C-Corp holding LLC's that Hold Property

7 Replies

Will be purchasing Ohio real estate for rentals and flips under LLC's. Planning to use a C-Corp to hold these LLC's. Can I use a C-Corp registered in a different state with better taxes, or must I use a C-Corp registered in Ohio? Other insights along this line would also be appreciated.

@Henry Der you need to get some legal and accounting advice.  Holding property in a C-corp is generally considered a terrible way to title property. 

A single member LLC is considered a disregarded entity. The IRS treats the LLC as if it doesn't exist. If the C-Corp is the only owner of the LLC then essentially the C-Corp owns the property in the IRS' eyes. So you would lose the advantages of an LLC and add the disadvantages of a C-Corp.

i don't know what advantage you think you might gain with this structure but it will probably not do what you expect.

Thanks Ned. Here's a bit more background and thoughts... 2 Canadian entities would own shares in the US C-Corp. Choose a 0% state tax like Nevada for the C-Corp - not sure if this is the best state? The purpose of the LLC would be to hold groups of properties to limit liabilities. Example, 5 LLC's holding 10 properties each, held by the C-Corp. Then corporate tax would be only the federal component of 21% max. Funds would be extracted by active consultatoin fees charged by the Canadian entitie(s), and taken out by dividends.

Considered a limited partnership for cleaner flow through pruposes, but was told that it is more difficult to get active consultation fees out of it and there is a withholding charge that could take up to a year to get back out to the Canadian entities.

Your feedback is appreciated.

@Henry Der now you have added the complexity of Canadian taxes. That is far out of my league to comment.  However If I understand you properly you are still using a US C-corp to hold prperty. That is a very bad idea. A CPA can explain the disadvantages.

I will say that in MD and I suspect in other states when an out of state company sells a property, they withhold like 7% of the proceeds. That is not 7% of the profit but 7% of the total amount given to the seller.

Hmm... the CPA (US/CAN qualified) I discussed with recommended this structure...  taxes are sooo confusing as there seems to be many opinions out there, even among the professionals.  The overall recommendations out there on the net seem to recommend Limited Partnerships for Canadians holding real estate in the US as this is a flow through structure, however, LP's are more expensive to set up and one CPA commented he did not prefer LP's as it is easier to get $ out of a C-Corp under the guise of management fees.

Curious - what structure do you use/recommend for your real estate holdings/rents/flips?  Maybe there is something I can glean from that.


@Henry Der

I would sit down with a Canadian accountant who has cross border expertise to iron out the ownership structure before you start purchasing.

From reading your above posts, I would see the U.S.A. C-Corp as unnecessary and not a tax advantage (but I'm a business owner and not an accountant).   I would ask your accountant about having your two existing(?) Canadian entities jointly own a third CCPC.  This third Canadian company would then be the 100% parent of any U.S.A. entity formed.   If you and your partner do not already have existing Canadian corporations, you might consider holding {separate} series of shares in this company directly.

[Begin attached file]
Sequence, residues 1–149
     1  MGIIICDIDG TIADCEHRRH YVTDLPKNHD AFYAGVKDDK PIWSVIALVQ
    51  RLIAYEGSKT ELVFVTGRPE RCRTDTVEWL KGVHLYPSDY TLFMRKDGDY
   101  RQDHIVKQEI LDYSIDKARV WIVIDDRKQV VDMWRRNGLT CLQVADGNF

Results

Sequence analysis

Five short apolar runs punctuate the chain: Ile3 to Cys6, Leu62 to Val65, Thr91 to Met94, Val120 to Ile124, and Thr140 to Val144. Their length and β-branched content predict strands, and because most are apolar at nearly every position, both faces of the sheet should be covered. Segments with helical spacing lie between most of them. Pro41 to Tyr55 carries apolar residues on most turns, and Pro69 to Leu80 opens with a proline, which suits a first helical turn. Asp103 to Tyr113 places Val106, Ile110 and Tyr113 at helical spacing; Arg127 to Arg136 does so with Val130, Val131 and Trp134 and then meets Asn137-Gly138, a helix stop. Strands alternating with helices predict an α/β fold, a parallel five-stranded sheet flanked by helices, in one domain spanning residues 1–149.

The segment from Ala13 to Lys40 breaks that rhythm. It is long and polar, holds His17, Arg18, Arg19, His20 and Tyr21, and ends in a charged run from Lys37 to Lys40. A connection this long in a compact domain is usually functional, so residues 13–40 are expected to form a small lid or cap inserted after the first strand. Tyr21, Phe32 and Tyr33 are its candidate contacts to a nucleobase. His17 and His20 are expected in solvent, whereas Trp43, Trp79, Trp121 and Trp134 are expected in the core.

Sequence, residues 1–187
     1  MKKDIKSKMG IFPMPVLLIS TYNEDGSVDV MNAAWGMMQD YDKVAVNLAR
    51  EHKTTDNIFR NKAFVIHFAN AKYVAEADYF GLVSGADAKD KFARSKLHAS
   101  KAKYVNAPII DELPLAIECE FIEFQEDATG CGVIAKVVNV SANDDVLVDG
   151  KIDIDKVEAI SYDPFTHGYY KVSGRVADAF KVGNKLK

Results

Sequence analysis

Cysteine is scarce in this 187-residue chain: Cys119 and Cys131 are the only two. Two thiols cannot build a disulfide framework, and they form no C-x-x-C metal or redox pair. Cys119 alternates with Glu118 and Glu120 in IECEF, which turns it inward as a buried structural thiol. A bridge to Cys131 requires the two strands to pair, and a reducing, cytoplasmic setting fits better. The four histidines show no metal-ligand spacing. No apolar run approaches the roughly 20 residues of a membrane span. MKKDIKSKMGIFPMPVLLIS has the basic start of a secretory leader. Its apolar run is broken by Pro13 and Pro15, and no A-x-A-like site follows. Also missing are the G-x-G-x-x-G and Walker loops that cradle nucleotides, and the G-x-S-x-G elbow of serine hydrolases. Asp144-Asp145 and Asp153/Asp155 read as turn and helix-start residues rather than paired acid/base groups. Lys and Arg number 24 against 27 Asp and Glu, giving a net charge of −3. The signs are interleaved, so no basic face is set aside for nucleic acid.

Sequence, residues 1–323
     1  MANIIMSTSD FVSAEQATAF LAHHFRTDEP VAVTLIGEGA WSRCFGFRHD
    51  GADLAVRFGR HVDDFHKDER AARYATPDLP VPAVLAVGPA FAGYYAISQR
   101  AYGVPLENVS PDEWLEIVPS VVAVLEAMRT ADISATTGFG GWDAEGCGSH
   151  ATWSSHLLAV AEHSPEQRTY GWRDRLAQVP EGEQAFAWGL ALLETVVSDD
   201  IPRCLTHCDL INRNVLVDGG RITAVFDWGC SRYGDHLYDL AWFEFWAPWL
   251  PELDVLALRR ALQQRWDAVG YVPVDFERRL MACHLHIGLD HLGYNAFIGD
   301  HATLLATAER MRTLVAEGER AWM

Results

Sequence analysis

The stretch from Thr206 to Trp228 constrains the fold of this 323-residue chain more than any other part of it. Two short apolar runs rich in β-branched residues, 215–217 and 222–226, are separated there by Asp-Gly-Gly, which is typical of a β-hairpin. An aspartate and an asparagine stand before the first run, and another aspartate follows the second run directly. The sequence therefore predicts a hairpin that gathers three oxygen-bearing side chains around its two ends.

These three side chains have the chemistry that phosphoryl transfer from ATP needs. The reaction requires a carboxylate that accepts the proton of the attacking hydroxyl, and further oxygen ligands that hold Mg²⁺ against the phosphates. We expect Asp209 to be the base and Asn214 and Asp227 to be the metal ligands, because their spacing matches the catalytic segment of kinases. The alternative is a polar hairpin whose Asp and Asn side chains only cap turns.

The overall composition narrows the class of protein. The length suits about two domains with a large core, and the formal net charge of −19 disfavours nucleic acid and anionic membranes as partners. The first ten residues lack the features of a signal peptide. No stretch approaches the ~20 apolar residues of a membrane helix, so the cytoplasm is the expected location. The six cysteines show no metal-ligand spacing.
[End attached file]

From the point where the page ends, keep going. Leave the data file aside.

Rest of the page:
South of the 49th, there is no reason you cannot use an LLC, provided it elects to be taxed as a corporation. The LLC would then pay U.S.A. taxes at the appropriate corporate rate (which the White House recently lowered). Since this LLC (or LLC's if you create more than one) would be a 100% child subsidiary of your jointly held Canadian corporation, retained earnings in the U.S.A. entity can be repatriated (on your schedule) to the parent while attracting little to no additional taxation from the CRA. When you payout these funds from the Canadian corporation to you (the shareholder) regular dividend taxes will be applicable in your hands.

Once again.  Spend a few hundred to sit down with an accountant and attorney with cross-boarder business experience before you set-up your ownership structure and go shopping.

After more research, seems like this is a reasonable scenario:

Myself and my corporation (both Canadian) will be shareholders in a US C-Corp. This US C-Corp will hold several US LLC's. the LLC's will hold 5 to 10 properties each. The LLC's are just to contain and limit access to only that group of properties in the event of attack/lawsuits - rather than attack the C-Corp directly.

With a C-Corp, there is minimal witholding tax per the Canada/US tax treaty.  5% against dividends to individuals, 15% to corporations.  Typically, the Canadian tax will be greater than this and you can get it back with a foreign tax credit filing - so you are NOT double taxed.

You can also charge active management fees from the Canadian corp against the C-Corp and withdraw funds that way.

 Considered using a limited partnership to flow through the earnings directly to the Canadian shareholders - very good idea, but there is a  witholding tax of around 39%, which could take up to a year to get back - too long for real estate business.

My last question is where to register the C-Corp, if you are buying Ohio property?  Some have said Wyoming, for no state tax reasons, but I understand this doesn't matter as you will have to pay taxes to Ohio regardless.  So, is there any real advantage of registering a C-Corp in another state other than where your real estate holdings will likely to be?

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